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The Iron Dome short-range missile defense system passed a series of tests over the last few days with flying colors, successfully shooting down Qassam rockets, Grad rockets and mortar shells one after the other.

It even succeeded in determining which missiles to shoot down - those whose trajectory made them likely to land in a populated area - and which to ignore.

This was the first test of the system as a whole rather than individual components.

The results are a feather in the cap of the developer, Rafael Advanced Defense Systems, which succeeded in transforming the highly complex system from an idea into an almost fully operational product in just two and a half years. The first operational battery is expected to be deployed in May.

Credit also goes to Defense Minister Ehud Barak and his ministry's outgoing director general, Pinchas Buchris, for pushing the project.

It is hard to exaggerate the importance of the successful tests. Iron Dome is supposed to provide protection against missiles with a range of between four and 70 kilometers. That covers everything from mortar shells through Hamas' Qassams, Hezbollah's Katyusha rockets and even Iranian Fajr rockets, which have apparently made their way to the Gaza Strip. As such, it radically improves Israel's strategic position.

Nevertheless, protection of Israel's home front remains far from complete. First, Iron Dome has yet to be tested in a genuine attack. Second, Israel still lacks any additional missile batteries beyond the prototype just tested. Third, the intermediate layer of Israel's missile defense system - Magic Wand, which is supposed to handle missiles with longer ranges than those covered by Iron Dome but shorter than the long-range ballistic missiles covered by the Arrow - has yet to reach a similarly advanced stage of development, and is not expected to do so until 2012.

The first Iron Dome battery will be delivered to the air force in about six weeks and is slated, if all goes well, to become operational in May. A single missile battery is enough to protect a medium-sized city like Sderot.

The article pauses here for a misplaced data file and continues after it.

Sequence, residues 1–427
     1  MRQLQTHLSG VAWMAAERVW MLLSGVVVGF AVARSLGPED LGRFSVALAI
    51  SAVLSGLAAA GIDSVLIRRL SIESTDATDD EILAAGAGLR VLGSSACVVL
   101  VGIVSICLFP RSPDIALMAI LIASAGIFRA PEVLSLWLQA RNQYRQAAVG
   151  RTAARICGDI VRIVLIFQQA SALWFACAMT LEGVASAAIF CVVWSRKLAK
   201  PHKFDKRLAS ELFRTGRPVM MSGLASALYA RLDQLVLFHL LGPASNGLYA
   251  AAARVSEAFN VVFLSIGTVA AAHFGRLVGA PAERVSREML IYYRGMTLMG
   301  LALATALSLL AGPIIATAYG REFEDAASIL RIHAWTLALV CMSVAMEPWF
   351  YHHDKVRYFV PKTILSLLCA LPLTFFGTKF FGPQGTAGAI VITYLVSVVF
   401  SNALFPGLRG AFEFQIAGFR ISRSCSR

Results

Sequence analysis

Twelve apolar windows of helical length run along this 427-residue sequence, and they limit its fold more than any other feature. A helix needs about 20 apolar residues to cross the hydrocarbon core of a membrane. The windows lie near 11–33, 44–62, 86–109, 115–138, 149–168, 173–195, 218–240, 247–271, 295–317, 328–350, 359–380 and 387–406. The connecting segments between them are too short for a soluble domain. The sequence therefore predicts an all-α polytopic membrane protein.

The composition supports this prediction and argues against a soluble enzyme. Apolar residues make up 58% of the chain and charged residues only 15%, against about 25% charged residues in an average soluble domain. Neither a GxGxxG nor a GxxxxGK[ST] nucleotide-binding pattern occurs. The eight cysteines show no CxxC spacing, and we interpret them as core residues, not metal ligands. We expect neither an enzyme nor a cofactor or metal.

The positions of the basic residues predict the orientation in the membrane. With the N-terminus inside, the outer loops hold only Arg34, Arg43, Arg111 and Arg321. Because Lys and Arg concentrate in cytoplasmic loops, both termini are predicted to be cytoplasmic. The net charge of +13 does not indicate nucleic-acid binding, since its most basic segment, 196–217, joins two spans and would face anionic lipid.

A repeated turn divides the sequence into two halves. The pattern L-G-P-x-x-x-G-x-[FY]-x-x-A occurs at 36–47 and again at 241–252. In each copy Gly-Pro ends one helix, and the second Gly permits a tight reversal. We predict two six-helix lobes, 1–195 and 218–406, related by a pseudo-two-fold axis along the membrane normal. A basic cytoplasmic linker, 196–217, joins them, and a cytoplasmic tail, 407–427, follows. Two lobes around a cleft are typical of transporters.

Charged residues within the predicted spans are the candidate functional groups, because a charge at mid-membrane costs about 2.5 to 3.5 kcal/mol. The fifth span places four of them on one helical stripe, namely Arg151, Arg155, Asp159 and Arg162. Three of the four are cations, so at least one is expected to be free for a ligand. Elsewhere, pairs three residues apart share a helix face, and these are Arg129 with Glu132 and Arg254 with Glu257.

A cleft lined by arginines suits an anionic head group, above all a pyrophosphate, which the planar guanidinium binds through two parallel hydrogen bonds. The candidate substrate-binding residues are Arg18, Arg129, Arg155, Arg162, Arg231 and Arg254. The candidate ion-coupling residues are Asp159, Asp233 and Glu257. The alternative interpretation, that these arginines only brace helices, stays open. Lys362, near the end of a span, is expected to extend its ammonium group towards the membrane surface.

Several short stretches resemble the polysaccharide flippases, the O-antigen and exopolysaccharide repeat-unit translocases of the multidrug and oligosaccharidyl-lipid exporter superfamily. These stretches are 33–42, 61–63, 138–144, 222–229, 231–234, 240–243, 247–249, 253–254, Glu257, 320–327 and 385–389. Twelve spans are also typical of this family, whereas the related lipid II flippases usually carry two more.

The question is how many batteries the Israel Defense Forces will ultimately acquire, and when. It would take about 20 batteries, each costing some NIS 50 million, to defend the entire northern and southern border regions. That will require either diverting substantial funds from other defense projects or significantly increasing the defense budget.

Rafael is expected to profit handsomely, both from sales to the IDF and, later, overseas. The United States, for instance, might want to purchase the missile protection system to defend its army bases in the Middle East against terror attacks.

Will Iron Dome make Israel more likely to launch another war in Gaza? It may do just the opposite, by increasing Israel's deterrence against Hamas, thereby stabilizing the situation. If Hamas knows its ability to harm Israel has been substantially reduced, it may be less likely to engage in provocations.

However, the Palestinians will almost certainly put the system to the test, if only in the hope of scoring a symbolic victory by breaking through Israel's technological shield.

But for all the praise this achievement deserves, one criticism must be leveled: It should have happened much sooner. For years, the IDF refused to invest the necessary funds in developing Iron Dome, until former defense minister Amir Peretz finally forced it to do so. Had this been done sooner, not only would Israeli lives have been saved, but it might have been possible to avoid last winter's war in Gaza altogether and significantly reduce the damage from the Second Lebanon War in 2006.